Since the beginning of March 2021, the NSCC and DTCC have been swiftly proposing and approving a flurry of amendments to their rules. I’ll link the appropriate documents and paths below but after reading the proposed amendments, it is clear that the these changes are designed to close loopholes and clarify who is responsible in case of a market meltdown. From an outside perspective, it looks like regulators have become aware of the instability of the U.S. markets and are trying to clean up an absolute mess with these amendments. In short, trouble is brewing.
For those unaware:
NSCC – The National Securities Clearing Corporation provides clearing, settlement, risk management, central counterparty services and a guarantee of completion for certain transactions for virtually all broker-to-broker trades involving equities, corporate and municipal debt, American depositary receipts, exchange-traded funds, and unit investment trusts.
DTCC – The Depository Trust & Clearing Corporation is the post-trade financial services company providing clearing and settlement services to the financial markets.
The amendments in question can be found here on the DTCC website.
However to summarize for those reading here, look at the below chart:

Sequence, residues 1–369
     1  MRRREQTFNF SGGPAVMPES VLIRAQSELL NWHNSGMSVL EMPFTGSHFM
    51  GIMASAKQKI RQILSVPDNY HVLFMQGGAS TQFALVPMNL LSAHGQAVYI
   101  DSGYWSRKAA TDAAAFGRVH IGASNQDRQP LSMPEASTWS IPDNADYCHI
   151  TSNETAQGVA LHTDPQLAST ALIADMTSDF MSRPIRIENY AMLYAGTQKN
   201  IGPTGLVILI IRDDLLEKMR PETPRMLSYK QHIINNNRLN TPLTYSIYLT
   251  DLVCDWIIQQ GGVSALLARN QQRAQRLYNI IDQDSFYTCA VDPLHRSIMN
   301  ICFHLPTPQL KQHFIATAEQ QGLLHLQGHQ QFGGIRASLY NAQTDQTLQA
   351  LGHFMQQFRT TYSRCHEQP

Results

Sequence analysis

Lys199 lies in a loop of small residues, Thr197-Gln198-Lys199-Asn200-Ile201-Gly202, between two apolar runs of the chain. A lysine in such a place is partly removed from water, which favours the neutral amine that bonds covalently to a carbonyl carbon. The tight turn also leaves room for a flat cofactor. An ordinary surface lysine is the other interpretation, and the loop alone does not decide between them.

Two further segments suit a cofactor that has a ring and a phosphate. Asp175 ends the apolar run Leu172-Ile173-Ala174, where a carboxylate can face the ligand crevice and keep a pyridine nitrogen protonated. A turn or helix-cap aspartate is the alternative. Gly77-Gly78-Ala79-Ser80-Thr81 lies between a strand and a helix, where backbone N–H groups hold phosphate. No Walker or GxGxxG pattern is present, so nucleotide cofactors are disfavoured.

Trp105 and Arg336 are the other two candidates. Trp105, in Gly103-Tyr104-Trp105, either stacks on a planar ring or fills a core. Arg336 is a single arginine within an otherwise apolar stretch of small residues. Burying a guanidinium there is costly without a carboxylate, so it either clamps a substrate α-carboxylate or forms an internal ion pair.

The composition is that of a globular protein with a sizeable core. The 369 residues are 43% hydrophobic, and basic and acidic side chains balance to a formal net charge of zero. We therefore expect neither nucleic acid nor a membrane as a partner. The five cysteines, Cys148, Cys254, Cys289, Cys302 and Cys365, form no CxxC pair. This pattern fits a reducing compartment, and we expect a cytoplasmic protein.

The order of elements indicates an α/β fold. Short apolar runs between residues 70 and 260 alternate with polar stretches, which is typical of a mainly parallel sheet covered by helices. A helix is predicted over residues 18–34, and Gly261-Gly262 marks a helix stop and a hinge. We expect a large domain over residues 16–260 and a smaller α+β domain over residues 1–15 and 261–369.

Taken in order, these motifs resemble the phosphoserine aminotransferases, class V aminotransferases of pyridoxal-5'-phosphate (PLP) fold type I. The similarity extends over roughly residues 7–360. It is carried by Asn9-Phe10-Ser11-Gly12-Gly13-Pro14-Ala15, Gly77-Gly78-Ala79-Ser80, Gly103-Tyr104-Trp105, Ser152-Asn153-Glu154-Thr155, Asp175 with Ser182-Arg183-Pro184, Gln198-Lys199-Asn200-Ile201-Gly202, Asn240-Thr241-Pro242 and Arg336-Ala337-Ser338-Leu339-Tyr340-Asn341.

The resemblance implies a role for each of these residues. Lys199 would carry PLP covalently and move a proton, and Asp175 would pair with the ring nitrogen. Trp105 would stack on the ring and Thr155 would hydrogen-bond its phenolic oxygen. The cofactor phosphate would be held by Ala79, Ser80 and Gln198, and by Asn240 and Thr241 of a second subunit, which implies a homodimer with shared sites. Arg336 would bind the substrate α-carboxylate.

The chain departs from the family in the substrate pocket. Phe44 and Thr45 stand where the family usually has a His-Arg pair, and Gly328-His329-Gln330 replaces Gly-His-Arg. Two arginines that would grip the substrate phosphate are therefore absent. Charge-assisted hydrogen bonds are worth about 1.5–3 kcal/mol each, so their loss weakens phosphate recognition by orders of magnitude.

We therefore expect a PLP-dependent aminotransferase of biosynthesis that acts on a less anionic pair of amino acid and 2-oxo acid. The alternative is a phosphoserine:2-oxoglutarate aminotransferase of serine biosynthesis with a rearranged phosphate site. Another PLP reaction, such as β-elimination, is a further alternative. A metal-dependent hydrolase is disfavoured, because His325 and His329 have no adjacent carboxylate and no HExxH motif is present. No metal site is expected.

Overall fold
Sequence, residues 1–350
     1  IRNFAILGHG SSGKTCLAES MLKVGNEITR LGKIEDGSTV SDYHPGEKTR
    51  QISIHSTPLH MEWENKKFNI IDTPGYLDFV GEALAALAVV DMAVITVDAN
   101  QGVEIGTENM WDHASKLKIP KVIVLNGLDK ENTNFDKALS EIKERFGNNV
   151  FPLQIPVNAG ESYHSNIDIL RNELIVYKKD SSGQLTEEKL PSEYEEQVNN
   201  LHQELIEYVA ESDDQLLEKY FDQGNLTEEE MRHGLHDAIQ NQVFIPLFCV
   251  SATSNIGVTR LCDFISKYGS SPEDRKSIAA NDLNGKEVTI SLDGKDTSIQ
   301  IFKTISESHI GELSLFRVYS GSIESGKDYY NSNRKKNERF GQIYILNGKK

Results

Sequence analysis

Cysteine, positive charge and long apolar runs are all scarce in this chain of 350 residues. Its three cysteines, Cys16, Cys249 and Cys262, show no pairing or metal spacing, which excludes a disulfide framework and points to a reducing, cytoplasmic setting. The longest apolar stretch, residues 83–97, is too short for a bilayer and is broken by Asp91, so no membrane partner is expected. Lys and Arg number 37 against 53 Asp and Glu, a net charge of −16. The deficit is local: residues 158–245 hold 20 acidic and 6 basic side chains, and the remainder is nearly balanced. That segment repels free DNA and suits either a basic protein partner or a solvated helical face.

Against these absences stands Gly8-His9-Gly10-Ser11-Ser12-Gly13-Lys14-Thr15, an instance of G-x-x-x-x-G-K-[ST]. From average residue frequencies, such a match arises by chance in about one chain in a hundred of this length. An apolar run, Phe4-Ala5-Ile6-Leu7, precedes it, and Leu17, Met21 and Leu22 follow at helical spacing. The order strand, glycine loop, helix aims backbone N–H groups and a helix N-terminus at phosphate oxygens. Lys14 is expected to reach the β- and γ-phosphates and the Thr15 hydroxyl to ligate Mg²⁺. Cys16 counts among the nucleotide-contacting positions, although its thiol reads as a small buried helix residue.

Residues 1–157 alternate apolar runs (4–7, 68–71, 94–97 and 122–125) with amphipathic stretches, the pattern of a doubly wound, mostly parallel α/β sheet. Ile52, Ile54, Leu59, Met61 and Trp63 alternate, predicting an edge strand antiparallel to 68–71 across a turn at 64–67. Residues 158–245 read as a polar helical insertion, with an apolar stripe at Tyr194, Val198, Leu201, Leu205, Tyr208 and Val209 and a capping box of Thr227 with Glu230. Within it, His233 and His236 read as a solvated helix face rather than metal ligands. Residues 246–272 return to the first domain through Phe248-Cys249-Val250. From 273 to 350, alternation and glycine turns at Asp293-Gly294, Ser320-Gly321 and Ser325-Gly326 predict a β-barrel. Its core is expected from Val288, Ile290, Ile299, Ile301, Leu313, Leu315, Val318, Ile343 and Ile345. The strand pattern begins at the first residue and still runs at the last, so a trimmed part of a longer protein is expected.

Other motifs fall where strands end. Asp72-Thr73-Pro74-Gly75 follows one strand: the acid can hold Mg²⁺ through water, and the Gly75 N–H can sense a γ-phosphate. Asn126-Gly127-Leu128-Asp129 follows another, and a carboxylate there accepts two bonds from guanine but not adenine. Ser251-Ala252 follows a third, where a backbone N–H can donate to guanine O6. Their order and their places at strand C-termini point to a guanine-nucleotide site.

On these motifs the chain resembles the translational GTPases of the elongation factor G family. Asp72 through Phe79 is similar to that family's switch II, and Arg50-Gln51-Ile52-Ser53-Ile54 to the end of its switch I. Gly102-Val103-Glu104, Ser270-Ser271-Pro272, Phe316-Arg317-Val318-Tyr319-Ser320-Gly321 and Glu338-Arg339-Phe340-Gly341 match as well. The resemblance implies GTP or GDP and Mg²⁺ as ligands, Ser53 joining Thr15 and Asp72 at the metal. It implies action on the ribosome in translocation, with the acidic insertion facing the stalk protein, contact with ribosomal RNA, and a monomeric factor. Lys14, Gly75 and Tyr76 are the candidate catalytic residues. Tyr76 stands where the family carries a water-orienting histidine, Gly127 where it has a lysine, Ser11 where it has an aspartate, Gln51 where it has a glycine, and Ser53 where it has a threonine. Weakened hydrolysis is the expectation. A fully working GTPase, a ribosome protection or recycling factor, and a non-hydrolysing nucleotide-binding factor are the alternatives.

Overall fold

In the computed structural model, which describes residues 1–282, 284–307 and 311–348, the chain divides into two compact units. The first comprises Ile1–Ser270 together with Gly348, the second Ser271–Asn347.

Offhand, these changes seem well past due because simplistically, if you are exchanging assets through the DTCC, you should 1) have to own the asset you are pledging and 2) once the asset has been pledged, the same asset should not be able to be pledged to someone else.
To compare the US market to others, we only need to look at the European market. Since 2008 the European Markets (“EM”) restricted and even banned short selling altogether (see link). However, EM found it difficult to impose bans on short selling altogether due to varying rules and regulations across the various countries on the European continent. Therefore as a way to safeguard the EM from abusive short selling EM adopted rules in 2012, that (1) increased transparency by requiring short sellers to declare their short positions; (2) gave regulators the power to stop the shorting selling of an asset in exceptional circumstances; and (3) established a centralized clearing service to ensure assets that were shorted could be purchased and a system to remedy failure to delivers.
Second and probably most significantly in March of 2020 EM began heavily restricting and evening banning short selling of assets to minimize risk of increased volatility and concerns about market confidence caused by the Coronavirus Pandemic. Much of those restrictions were lifted in June of 2020, but many countries in the EU continued short selling restrictions and bans through 2020 and into 2021. Even now, the EM has imposed greater reporting requirements to protect their markets from the volatility of short selling.
US regulators have failed to assess and manage the risk of short selling to a reckless degree. Combine the reckless lack of oversight with the free money that is being printed and funneled to hedge funds. This has enabled them to take insane risk by over-leveraging their positions and trading and selling assets they don’t own. In other words, trouble is brewing.
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